You can slice and dice the numbers any way you want, but the conclusion will be the same. Citizens Finacial Group already has an elite commercial banking business. The key, then, is what management can do to bring its retail business up to that same standard.
3. Citizens Financial Group's retail business is ripe for a turnaround
Citizens Financial Group runs a relatively simple business model. The company doesn't feature the complex derivative and investment banking businesses you'll find at larger, Wall Street banks. Instead, the bank relies on mortgages, home equity lines of credit, auto loans, and commercial loans and services to businesses. The bank even avoids Wall Street like leverage, too -- the company maintains exceptionally strong Tier 1 capital levels, consistently above 13%.
Thanks to that simplistic model, the game plan to turn around the bank's retail division is also straightforward, and management has laid out clear plans to correct its issues.
First, the retail division is very inefficient. The company's efficiency ratio on the retail side was 77% in 2013. The company has an expansive branch network in the Northeast and Midwest; this is a very powerful asset for the bank, but without careful management, costs can easily run out of control. The key, then, is to lower the costs of operating that network while simultaneously increasing productivity.
Step one is to allocate capital to income-generating assets, like sales personnel. Company management has already announced plans to hire 350 new mortgage bankers. These hires should continue the rapid growth in the bank's mortgage portfolio -- Citizens Financial originated over $5.7 billion in mortgages in 2013 alone, per the company's S-1 filing.
Second, the bank is investing heavily in technology to increase automation, efficiency, and ultimately, to reduce costs. The company completed an overhaul of its ATM network, adding advanced deposit taking functionality and upgrades that allow much greater self-service capabilities for customers. The bank also rolled out new platforms that improve process efficiency in its auto lending, mortgage lending, and commercial loan businesses. In total, the company has invested $900 million since 2009, with plans to invest another $500 million over the next two years.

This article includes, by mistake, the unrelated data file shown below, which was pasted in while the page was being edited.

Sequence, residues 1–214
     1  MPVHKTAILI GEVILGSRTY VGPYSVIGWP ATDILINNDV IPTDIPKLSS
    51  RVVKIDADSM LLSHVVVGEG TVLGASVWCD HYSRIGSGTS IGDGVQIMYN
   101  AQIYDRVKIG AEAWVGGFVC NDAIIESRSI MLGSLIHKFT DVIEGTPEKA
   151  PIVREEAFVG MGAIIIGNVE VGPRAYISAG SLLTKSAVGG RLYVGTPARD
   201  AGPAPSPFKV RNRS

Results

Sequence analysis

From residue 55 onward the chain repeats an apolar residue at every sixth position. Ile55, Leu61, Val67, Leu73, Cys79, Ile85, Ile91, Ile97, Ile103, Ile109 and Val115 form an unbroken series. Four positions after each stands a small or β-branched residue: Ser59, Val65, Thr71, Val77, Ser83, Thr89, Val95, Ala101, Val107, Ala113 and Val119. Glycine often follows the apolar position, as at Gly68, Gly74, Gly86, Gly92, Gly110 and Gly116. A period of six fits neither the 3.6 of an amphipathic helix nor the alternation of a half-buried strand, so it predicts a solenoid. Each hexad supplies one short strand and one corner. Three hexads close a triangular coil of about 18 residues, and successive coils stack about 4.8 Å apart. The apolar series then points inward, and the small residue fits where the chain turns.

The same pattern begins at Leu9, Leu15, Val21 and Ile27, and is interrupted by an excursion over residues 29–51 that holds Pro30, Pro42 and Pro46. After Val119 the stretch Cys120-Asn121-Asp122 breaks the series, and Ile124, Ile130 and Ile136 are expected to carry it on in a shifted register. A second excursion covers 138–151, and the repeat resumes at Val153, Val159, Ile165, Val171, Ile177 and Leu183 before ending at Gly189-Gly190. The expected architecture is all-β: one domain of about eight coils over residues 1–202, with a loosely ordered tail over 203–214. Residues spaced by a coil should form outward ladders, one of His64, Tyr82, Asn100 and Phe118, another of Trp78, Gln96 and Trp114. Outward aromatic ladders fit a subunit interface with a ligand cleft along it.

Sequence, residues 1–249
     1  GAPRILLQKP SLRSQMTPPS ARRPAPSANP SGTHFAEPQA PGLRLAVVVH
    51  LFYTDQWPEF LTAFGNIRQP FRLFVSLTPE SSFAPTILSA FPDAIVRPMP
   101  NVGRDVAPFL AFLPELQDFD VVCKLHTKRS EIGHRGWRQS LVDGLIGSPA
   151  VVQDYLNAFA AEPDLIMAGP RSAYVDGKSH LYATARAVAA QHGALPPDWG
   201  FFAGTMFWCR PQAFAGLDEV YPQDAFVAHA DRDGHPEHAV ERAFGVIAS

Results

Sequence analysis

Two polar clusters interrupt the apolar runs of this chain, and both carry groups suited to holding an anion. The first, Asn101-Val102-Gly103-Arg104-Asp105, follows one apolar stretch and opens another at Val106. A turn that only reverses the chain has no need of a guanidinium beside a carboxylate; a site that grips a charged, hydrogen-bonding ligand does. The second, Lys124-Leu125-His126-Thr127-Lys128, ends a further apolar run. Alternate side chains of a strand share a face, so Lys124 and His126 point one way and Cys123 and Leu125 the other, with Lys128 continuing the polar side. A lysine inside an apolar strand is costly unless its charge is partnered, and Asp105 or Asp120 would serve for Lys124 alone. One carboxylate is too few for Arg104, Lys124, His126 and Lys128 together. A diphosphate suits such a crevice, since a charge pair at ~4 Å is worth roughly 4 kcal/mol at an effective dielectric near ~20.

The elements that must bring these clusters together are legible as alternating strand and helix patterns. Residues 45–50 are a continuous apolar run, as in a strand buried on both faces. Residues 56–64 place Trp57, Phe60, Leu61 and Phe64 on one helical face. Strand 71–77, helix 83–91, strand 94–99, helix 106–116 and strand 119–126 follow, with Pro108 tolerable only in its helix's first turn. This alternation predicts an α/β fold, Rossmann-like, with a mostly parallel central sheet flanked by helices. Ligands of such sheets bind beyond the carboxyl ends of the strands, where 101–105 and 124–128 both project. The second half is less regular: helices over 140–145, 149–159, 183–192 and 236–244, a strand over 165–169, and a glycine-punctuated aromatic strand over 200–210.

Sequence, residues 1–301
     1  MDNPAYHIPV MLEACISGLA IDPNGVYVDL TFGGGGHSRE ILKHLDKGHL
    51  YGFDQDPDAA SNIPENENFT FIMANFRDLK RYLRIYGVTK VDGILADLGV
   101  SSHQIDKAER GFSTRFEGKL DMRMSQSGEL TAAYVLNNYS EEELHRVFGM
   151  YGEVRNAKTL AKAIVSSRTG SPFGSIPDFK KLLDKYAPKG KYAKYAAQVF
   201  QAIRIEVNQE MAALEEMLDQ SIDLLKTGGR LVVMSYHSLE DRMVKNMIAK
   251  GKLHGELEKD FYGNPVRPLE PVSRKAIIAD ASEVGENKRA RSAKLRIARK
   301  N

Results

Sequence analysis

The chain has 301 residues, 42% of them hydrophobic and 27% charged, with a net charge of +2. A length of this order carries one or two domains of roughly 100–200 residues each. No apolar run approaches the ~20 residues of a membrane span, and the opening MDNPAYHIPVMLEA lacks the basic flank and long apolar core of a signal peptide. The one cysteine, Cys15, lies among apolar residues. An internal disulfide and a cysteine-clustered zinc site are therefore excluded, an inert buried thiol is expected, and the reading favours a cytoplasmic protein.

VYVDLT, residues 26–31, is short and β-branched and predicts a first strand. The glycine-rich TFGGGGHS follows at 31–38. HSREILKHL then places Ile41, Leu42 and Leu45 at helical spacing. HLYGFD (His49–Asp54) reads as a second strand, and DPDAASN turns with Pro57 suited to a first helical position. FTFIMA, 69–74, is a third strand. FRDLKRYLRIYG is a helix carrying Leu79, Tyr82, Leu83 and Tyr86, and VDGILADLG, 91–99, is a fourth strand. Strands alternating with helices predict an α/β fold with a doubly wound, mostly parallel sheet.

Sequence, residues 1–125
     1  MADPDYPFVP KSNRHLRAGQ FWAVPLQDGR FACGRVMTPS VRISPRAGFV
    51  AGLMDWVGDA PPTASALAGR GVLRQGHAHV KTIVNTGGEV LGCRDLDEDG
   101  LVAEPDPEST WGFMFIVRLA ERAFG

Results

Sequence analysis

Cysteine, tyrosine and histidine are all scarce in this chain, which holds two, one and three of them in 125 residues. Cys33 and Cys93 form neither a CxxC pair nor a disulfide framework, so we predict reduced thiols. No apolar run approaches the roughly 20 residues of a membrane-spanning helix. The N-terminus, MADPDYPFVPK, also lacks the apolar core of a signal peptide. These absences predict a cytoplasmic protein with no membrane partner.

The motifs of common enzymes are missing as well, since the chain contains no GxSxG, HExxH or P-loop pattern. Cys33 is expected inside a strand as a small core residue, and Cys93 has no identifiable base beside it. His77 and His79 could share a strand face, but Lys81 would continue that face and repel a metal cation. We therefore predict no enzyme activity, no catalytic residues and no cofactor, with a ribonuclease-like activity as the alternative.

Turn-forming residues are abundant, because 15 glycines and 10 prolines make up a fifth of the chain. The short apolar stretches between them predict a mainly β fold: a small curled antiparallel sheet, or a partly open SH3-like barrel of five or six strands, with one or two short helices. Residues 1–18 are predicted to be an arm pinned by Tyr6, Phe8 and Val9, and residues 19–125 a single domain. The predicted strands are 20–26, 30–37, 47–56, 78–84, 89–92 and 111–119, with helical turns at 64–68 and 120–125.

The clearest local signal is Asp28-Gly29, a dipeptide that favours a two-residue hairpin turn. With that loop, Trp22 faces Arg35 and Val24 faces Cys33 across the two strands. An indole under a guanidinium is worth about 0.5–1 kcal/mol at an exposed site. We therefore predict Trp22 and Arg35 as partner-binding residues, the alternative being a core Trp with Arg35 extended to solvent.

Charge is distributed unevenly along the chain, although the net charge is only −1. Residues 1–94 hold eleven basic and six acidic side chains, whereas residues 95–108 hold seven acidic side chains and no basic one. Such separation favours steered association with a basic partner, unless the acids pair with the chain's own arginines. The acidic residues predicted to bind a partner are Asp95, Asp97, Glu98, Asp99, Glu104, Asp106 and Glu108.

Over the short term, it's impossible to know whether Citizens Financial Group will rise or fall. However, over the long term, I see several factors that could push this bank higher.
The spinoff from RBS opens up the bank to investment by long-term, value-oriented investors and frees the bank from distracted management overseas. The bank already has an elite commercial business that's growing and producing very strong returns. Management has laid out a well conceived strategic plan to turn around the struggling retail operation.
Banking is a tough business, and no investment in the market is ever assured, but in my view, Citizens Financial Group is well positioned to succeed over the long term.
Jay Jenkins has no position in any stocks mentioned. The Motley Fool recommends AIG and Goldman Sachs, owns shares of AIG, and has options on AIG. Try any of our Foolish newsletter services free for 30 days. We Fools don't all hold the same opinions, but we all believe that considering a diverse range of insights makes us better investors. The Motley Fool has a disclosure policy.